Republican hostility to voting rights is not new. In the Reagan era, leaders of the newly insurgent Christian right talked about the necessity of limiting participation in order to win their agenda. For decades Republican politicians have supported policies to reduce the electorate, including changes to registration and electoral rolls which may have eliminated millions of voters. Over the years, however, there have been clear shifts and accelerations, even before this one.
An important shift came after 2013, when the Supreme Court voted 5-4 to overturn key provisions of the 1965 Voting Rights Act requiring states and local authorities to get federal “pre-clearance” before implementing changes to voting laws or practices, based on their histories of voting rights discrimination.
Within five years this attack on civil rights-era legislation led to a thousand polling places closing, disproportionately in predominantly African-American counties, and a flow of other restrictions disproportionately impacting black people and other minorities.
This brings us back to a central aspect of the Republicans’ drive against democracy: its targeting of participation by black and brown Americans. They want politics more dominated by right-wing politicians from small, conservative states — and by white people. They are acutely aware that, while white Americans remain a majority, it is a rapidly shrinking one.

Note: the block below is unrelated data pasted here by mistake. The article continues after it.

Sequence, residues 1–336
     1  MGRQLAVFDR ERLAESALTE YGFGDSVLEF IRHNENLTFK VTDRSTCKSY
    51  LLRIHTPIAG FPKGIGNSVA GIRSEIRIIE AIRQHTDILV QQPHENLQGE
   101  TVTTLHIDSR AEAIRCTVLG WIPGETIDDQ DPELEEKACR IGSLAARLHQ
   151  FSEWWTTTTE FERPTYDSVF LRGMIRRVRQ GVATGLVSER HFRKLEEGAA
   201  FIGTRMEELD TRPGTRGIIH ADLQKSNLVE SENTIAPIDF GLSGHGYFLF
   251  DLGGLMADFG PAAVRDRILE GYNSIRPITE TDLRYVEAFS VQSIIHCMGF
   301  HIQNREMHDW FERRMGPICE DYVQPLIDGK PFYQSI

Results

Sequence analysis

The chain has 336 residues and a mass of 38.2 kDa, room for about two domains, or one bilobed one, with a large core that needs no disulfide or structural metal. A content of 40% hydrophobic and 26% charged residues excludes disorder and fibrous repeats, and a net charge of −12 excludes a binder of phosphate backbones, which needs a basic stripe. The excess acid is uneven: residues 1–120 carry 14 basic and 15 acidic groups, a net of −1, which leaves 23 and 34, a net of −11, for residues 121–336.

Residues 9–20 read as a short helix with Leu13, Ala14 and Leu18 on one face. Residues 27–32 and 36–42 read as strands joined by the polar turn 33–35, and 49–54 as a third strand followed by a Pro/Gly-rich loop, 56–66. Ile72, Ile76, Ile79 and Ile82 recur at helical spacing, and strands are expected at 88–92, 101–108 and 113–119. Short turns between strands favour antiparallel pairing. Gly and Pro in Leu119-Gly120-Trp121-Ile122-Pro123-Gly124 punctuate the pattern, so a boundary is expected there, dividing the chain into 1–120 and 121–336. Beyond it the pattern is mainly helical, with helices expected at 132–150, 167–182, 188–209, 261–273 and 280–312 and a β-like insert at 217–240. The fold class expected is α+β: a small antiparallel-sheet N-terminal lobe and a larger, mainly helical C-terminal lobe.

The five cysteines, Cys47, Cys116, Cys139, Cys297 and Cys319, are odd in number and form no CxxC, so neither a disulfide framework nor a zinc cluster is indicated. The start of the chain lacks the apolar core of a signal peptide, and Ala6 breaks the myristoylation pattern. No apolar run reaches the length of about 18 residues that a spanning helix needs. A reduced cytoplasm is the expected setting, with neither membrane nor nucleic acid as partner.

As socialist US historian and activist Robin D G Kelley put it: “Voter suppression is anti-black act and an anti-class act… Voter suppression laws are class warfare.”
The context is a long history of — often dramatic and violent — suppression of people of colour’s right to vote. Until the 1960s this was organised and championed predominantly by the Democratic Party. In the last decades of the 19th century Southern Democrats created white-supremacist one-party rule in the region by wiping out black office-holding, largely eliminating black voting, and suppressing Republicans, Populists and others with significant black support. In many cases they disenfranchised swathes of poor white people too.